Ethics : The education for making Babus promotes an individualism with a disdain for the communal. In one way, the revivalist attempts of the current government is an attempt to push back against the selfishness-run-amok. While this is music to the ears of those economics-first thinkers of education, the chaos of Indian roads should be enough to instruct someone about the limitation of such an approach. When Indian education looks beyond the mere aim of producing public workers, and if it has to take its twin goal of economic and social progress seriously, it needs to examine closely the interface between the individual and the others, the community, that it long neglected. Call it social ethic, or community values, India is a case of civic nationalism gone too far: In fact, the nationalism, once the country was liberated, dropped off rather spectacularly and the community degenerated into family islands of various shapes and sizes. India, being a poor country which is still building its institutions, need an ethic and a commitment to social engagement from its constituents, something that squarely lands in the area of educators' responsiblity.
Seen this way, the educators' challenge in India is thus: How to create open-mind, committed and engaged citizens? Every serious educator should attempt to answer this, and perhaps add to the list even further.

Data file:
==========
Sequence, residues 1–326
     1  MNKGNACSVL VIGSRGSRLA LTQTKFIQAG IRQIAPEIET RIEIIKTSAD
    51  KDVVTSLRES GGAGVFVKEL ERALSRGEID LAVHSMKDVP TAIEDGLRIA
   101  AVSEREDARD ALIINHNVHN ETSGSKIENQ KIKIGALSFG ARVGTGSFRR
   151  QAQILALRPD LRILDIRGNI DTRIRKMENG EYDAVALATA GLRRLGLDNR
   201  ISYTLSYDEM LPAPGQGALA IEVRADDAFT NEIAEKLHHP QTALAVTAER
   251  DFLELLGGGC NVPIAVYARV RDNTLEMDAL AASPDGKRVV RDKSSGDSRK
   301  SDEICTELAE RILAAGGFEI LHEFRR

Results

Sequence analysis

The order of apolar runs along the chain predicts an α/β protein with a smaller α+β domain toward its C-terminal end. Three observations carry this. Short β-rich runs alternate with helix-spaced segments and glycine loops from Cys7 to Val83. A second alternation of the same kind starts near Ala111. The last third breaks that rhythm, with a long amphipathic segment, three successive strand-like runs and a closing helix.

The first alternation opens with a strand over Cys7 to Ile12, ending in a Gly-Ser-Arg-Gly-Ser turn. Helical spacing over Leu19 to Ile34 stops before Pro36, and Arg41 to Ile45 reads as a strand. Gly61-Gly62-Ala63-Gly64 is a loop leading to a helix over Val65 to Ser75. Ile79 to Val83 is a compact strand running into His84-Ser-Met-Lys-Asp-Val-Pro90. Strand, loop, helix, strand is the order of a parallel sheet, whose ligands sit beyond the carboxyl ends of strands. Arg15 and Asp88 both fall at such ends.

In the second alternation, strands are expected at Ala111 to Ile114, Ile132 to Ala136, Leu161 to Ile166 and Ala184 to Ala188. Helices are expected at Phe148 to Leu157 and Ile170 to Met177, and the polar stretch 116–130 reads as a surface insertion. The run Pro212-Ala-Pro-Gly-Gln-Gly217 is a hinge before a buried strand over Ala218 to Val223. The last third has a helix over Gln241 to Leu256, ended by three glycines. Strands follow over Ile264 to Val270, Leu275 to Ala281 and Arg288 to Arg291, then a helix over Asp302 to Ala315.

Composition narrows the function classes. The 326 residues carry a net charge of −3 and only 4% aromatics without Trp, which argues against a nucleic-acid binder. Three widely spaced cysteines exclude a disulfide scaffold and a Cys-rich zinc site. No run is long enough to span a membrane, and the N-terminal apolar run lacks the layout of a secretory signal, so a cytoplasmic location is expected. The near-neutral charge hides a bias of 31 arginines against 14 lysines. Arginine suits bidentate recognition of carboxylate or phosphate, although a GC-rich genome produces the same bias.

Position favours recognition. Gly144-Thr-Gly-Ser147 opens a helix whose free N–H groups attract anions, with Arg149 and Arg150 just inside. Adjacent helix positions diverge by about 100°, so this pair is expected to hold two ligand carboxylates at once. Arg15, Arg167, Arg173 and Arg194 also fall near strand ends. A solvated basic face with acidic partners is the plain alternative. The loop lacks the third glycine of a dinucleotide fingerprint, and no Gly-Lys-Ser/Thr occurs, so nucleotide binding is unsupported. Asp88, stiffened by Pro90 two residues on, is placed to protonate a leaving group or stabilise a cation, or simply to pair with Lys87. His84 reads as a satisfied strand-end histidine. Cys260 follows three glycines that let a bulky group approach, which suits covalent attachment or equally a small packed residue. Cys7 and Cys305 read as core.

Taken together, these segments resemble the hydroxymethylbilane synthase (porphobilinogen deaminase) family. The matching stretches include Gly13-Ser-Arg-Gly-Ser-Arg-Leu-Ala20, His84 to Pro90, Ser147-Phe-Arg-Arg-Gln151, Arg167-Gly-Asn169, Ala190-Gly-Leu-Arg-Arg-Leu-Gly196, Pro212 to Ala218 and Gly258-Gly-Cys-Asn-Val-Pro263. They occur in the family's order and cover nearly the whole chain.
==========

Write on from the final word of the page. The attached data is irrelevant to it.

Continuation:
Popular posts from this blog
A friend has recently forwarded me a quote from Lord Macaulay's speech in the British Parliament on 2nd February 1835. I reproduce the quote below: "I have traveled across the length and breadth of India and I have not seen one person who is a beggar, who is a thief. Such wealth I have seen in this country, such high moral values, people of such calibre, that I do not think we would ever conquer this country, unless we break the very backbone of this nation, which is her spiritual and cultural heritage, and, therefore, I propose that we replace her old and ancient education system, her culture, for if the Indians think that all that is foreign and English is good and greater than their own, they will lose their self-esteem, their native self-culture and they will become what we want them, a truly dominated nation." The email requested me to forward me to every indian I know. I was tempted, but there were two oddities about this quote. First, the language, which